5. Breast cancer is such an important topic to raise awareness of because, as you say, early detection is so very important. My auntie had breast cancer, then it spread to lymph nodes. We see the campaigns and the stats about breast cancer, but it’s harder to put it into practice and check yourself. The part that confuses me is with lumps and tissue thickening; what kind of lump are we looking for (pea size or orange size, soft or hard), how do we know what’s a lymph node under the armpit and whether it’s swollen? I think the best thing is to always get it checked if anything is slightly different to what you expect, because it’s better to play on the side of caution. I’m so glad your mum was diagnosed early so she could be treated and become a survivor. Too many become statistics of this awful disease but hopefully – hopefully – increased awareness and better diagnostics and treatments will reduce those numbers. Fantastic post, Terri  ♥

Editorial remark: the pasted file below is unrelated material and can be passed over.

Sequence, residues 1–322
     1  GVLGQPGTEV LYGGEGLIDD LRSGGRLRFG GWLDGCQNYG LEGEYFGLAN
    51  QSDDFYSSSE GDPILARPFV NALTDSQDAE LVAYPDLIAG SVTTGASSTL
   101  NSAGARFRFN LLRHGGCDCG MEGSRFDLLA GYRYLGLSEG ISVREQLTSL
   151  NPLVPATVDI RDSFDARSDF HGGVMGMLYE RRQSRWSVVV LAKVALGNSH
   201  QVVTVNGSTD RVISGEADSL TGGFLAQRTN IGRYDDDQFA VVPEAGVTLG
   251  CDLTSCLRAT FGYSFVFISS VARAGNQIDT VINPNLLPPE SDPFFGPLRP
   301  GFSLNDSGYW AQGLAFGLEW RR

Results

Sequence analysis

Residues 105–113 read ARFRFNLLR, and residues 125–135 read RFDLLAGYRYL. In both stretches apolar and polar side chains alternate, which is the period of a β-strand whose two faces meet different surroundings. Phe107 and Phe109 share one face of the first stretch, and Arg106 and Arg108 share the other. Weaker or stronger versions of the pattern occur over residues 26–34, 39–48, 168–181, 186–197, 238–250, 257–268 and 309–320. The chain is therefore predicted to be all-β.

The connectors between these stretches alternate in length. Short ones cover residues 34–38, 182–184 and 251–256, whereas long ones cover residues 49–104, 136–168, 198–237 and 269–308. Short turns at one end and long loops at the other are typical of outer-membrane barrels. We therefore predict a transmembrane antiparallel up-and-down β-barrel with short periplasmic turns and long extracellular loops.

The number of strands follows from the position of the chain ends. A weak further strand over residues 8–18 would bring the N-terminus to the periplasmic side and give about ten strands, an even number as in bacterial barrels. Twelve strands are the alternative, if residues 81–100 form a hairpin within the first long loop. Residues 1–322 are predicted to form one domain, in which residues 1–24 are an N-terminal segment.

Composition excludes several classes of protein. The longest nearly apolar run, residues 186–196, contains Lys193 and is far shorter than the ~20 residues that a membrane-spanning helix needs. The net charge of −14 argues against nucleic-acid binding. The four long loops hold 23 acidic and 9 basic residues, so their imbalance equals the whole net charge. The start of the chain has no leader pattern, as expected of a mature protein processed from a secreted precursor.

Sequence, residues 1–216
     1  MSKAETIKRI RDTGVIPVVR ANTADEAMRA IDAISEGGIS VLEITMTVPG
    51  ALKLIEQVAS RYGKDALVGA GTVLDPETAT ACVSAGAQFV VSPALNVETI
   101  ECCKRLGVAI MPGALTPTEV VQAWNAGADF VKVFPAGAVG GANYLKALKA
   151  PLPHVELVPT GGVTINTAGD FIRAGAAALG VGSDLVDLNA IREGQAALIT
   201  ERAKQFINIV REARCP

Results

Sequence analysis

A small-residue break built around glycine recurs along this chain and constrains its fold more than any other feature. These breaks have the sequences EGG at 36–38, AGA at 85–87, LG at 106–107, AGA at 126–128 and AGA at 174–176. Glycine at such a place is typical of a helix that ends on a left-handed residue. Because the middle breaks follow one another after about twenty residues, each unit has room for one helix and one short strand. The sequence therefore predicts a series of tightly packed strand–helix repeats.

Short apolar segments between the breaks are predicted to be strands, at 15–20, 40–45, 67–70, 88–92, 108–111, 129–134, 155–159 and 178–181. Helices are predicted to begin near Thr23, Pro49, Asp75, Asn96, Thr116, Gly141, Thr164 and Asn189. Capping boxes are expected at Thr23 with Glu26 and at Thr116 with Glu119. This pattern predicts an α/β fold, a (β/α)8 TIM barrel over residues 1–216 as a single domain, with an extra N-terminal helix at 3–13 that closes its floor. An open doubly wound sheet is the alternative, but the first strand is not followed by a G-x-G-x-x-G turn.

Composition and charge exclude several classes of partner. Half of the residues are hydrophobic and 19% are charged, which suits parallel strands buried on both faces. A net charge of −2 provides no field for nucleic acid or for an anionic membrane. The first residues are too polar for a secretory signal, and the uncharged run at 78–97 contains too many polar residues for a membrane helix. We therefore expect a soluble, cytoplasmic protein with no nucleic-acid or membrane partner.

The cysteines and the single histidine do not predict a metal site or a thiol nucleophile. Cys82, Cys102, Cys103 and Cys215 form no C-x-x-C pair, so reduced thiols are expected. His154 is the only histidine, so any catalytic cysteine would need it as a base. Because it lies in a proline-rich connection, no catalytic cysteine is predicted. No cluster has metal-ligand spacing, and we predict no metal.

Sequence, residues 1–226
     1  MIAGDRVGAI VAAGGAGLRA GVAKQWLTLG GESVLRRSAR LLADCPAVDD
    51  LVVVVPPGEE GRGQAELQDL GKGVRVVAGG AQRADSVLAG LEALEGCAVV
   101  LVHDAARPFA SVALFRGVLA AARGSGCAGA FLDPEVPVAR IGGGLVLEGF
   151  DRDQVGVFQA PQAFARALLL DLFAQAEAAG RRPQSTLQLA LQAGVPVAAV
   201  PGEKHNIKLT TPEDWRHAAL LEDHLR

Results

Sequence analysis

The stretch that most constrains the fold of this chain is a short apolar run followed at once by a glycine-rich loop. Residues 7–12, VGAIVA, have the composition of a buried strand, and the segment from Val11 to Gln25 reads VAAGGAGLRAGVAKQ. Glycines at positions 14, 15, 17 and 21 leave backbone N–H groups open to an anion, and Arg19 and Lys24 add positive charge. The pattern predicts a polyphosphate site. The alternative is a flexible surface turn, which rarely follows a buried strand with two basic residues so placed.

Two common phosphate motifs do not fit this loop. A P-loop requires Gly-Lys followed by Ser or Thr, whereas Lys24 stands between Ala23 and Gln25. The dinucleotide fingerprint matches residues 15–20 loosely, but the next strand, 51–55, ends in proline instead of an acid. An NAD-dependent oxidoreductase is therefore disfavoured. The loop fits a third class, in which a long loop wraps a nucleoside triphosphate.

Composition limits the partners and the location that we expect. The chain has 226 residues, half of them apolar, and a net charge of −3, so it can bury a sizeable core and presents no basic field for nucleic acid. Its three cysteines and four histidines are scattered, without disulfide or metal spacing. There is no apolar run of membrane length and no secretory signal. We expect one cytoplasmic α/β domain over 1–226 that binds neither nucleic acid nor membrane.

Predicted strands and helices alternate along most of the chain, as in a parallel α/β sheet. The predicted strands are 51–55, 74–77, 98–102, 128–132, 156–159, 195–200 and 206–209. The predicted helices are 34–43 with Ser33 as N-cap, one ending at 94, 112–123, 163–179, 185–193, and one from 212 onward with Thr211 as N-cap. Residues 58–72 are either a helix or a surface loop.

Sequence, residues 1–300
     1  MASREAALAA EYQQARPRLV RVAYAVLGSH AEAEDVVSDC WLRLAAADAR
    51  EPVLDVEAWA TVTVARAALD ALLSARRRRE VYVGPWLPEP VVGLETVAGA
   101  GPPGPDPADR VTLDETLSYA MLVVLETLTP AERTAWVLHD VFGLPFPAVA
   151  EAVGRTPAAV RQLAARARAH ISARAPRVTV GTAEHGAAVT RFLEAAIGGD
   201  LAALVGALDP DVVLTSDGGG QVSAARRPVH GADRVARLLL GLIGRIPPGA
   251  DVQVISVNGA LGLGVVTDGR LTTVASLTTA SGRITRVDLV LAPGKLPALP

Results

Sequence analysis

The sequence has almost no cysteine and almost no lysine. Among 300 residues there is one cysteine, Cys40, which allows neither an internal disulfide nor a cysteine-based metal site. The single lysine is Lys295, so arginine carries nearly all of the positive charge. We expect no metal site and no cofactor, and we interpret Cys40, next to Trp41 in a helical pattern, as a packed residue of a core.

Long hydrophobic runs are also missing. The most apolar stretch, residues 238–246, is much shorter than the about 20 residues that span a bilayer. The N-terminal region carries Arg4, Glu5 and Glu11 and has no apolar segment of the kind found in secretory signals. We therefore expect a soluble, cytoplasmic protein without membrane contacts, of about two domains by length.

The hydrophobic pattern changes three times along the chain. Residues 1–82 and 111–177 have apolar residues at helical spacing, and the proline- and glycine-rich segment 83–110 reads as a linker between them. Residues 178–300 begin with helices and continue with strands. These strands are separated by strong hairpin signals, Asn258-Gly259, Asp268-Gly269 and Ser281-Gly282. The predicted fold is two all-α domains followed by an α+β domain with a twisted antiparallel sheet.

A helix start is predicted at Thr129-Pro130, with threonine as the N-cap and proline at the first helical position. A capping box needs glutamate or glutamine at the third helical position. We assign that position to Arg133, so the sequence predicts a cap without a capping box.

Caz xx

    1. Thank you so much for sharing Caz. I’m sorry to hear your auntie had breast cancer. I really hope that one day researchers will unlock the key that will heal all cancers. I see what you mean about the lumps and tissue thickening and what size you should be looking for. I agree with what you said about it being best to have it checked out if it’s anything different than what you expect. Lots of us have lumpy breasts, but if lumps show up that are not in the normal place or normal size, etc., it’s definitely better to get them checked. Even if it turns out to be nothing, it’s still better to have had it checked and anything bad ruled out. Hope you’re doing well sweet friend. Hugs!

  6. Love your posts as always Terri. You not only educate but give information in a way that we can really understand. My wife is diligent on her exams and I too make sure that I’m in the clear.